The signs are those of evangelical love, illuminated in many ways by Jesus. And if we can “see” them, we can also “enter” the kingdom, with the passage of the Spirit through the regenerating water.
Old age is the condition, granted to many of us, in which the miracle of this birth from above can be intimately assimilated and made credible for the human community: it does not communicate the nostalgia of the birth in time, but the love for the final destination.
In this perspective, old age has a unique beauty: we walk towards the Eternal. No one can re-enter the womb, not even its technological and consumerist substitute. This does not give wisdom, this does not give a completed path, this is artificial. It would be sad, even if it was possible. The old man walks forward, the old man walks towards destiny, towards God’s heaven, the old man walks with the lived wisdom of him during life. Old age is, therefore, a special moment to liberate the future from the technocratic illusion of biological and robotic survival, but above all because it opens itself to the tenderness of the creative and generating bosom of God.
In this case, I would highlight this word: the tenderness of the old. Observe a grandfather or a grandmother how they look at their grandchildren, how they caress their grandchildren: that tenderness, free from all human trials, that has passed human trials and is capable of freely giving love, the loving closeness of one to the other. other. This tenderness opens the door to understanding God’s tenderness. Let us not forget that the Spirit of God is closeness, compassion and tenderness.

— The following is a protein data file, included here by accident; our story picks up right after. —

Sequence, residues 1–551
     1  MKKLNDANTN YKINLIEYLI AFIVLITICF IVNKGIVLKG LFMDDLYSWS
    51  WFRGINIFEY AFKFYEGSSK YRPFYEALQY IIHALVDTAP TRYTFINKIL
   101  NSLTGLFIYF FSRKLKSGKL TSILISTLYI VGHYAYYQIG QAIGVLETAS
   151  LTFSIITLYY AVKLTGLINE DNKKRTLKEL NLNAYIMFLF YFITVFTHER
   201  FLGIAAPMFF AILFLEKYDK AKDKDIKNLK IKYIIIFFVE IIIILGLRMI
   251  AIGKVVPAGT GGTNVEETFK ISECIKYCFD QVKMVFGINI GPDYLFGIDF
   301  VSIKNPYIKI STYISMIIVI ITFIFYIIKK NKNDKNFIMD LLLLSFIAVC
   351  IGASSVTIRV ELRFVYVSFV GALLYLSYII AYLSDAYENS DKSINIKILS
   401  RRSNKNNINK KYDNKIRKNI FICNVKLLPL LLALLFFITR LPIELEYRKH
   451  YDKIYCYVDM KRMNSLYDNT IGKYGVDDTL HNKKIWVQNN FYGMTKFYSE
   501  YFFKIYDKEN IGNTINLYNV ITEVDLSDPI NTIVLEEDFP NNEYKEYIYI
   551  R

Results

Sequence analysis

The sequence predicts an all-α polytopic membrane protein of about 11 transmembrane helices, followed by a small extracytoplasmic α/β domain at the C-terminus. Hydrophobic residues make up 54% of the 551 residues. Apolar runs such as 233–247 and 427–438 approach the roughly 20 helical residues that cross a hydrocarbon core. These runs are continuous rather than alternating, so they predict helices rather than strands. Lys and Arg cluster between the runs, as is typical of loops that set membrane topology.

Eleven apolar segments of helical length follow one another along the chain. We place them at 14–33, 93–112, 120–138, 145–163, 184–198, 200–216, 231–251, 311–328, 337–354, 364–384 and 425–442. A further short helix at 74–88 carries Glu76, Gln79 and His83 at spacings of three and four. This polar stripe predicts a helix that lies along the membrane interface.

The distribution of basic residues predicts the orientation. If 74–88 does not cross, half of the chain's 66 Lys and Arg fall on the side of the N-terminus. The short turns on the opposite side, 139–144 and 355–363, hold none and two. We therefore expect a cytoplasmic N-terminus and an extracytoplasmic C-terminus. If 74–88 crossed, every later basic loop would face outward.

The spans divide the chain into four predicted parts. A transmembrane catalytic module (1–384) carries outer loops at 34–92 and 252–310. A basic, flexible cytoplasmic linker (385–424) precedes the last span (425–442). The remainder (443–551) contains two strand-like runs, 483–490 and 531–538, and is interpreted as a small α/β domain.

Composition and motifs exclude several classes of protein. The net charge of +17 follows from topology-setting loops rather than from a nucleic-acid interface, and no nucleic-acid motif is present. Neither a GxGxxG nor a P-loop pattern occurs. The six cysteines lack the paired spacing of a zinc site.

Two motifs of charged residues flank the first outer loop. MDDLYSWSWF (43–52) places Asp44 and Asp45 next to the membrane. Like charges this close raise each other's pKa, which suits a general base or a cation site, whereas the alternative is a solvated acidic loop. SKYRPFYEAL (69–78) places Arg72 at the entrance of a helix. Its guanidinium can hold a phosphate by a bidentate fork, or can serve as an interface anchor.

God is like that, he knows how to caress. And old age helps us to understand this dimension of God that is tenderness. Old age is the special time to dissolve the future of the technocratic illusion, it is the time of the tenderness of God who creates, creates a path for all of us.
May the Spirit grant us the reopening of this spiritual -and cultural- mission of old age, which reconciles us with the birth from above. When we think of old age in this way, then we say: how is it that this throwaway culture decides to throw away the old, considering them useless? The elderly are the messengers of the future, the elderly are the messengers of tenderness, the elderly are the messengers of the wisdom of a lived life. Let’s go ahead and see the old.”